Court Gives New Wind to Pyramid Scheme Claims

     CHICAGO (CN) – The 7th Circuit revived pyramid scheme allegations in a federal class action against a website whose customers sell each other the right to act as travel agencies.
     Illinois-based, commonly called YTB, offers training and a website from which users can sell their travel packages in exchange for a base fee and percentage of each sale.
     A class action sought $5 million in damages for more than 100 individuals nationwide who have participated in YTB’s at-home travel-agency program.
     YTB sells its own travel packages, but they do not represent a substantial portion of revenue. The class claimed that YTB relies on its users to bring more potential “travel agents” to the site, creating more selling opportunities for users.
     “The defendant corporations have taken over half a billion dollars from their unsophisticated customers, selling them on the dream of cheap travel and million dollar pay-outs when the only way that plaintiffs and their class could make a net profit was by recruiting others to join the illegal pyramid scheme,” the complaint stated.
     The business model can only deliver profits to users if other persons continue to join the site, in violation of the Illinois Consumer Fraud Act, the class claims.
     “While over half of the its customers received no travel commissions at all, the directors of YTB International, Inc. each paid themselves multi-million dollar salaries while also siphoning tens of millions of dollars from their publicly traded corporation to privately owned corporations that they owned and controlled,” the class claimed.
     But U.S. District Judge Patrick Murphy declined to rule on whether YTB constituted a pyramid scheme. Murphy first ruled that YTB’s transactions with residents of states other than Illinois fall outside of the Illinois Consumer Fraud Act and dismissed those plaintiffs. He then dismissed the suit, determining that the controversy belonged in state court since there were no out-of-state defendants.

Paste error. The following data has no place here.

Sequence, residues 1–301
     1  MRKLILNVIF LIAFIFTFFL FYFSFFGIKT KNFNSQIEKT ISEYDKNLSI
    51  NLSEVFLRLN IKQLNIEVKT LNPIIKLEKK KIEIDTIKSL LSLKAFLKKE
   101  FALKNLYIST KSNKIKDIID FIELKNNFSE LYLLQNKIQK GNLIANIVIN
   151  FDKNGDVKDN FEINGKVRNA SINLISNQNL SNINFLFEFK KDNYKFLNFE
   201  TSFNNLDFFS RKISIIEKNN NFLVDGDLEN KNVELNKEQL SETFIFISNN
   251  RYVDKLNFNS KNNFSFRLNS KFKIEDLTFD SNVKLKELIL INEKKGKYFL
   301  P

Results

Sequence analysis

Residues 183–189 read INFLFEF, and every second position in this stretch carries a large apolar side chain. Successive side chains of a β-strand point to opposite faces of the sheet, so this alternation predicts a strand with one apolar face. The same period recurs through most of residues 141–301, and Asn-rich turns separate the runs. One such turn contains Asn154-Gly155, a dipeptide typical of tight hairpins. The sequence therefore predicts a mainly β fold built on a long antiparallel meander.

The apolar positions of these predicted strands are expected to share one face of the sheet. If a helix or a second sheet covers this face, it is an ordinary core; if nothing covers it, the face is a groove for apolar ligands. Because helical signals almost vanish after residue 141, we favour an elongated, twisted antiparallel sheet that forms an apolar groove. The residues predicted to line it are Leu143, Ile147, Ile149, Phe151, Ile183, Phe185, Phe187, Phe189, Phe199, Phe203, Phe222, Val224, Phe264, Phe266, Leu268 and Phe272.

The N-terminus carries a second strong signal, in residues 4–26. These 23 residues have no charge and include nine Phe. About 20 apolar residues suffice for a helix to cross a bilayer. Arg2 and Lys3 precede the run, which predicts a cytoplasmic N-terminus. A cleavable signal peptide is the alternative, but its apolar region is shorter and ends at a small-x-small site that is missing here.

A three-judge panel reversed, ruling that the two-step process was improper for determining jurisdiction.
     “Although the district judge many times wrote that the non-Illinois plaintiffs lack ‘standing,’ the word is not an accurate description of what the court held,” Chief Judge Frank Easterbrook wrote.
     Judge Murphy’s decision is more accurately described as a ruling on the merits, which found that the Illinois Consumer Fraud Act does not apply to customers outside of Illinois.
     But this determination was also a misstep, the court held. Since the out-of-state plaintiffs had been injured, they had standing. And since their injury occurred in Illinois, they could be included in a federal class action under the Illinois Consumer Fraud Act. Whether the class should be certified under Illinois law remains a decision for the District Court.
     “If we can’t say that the complaint and answer contain enough to point unerringly to Illinois law, we can say that the complaint does not defeat application of Illinois law,” Easterbrook wrote, remanding the case to Murphy for further proceedings.

%d bloggers like this: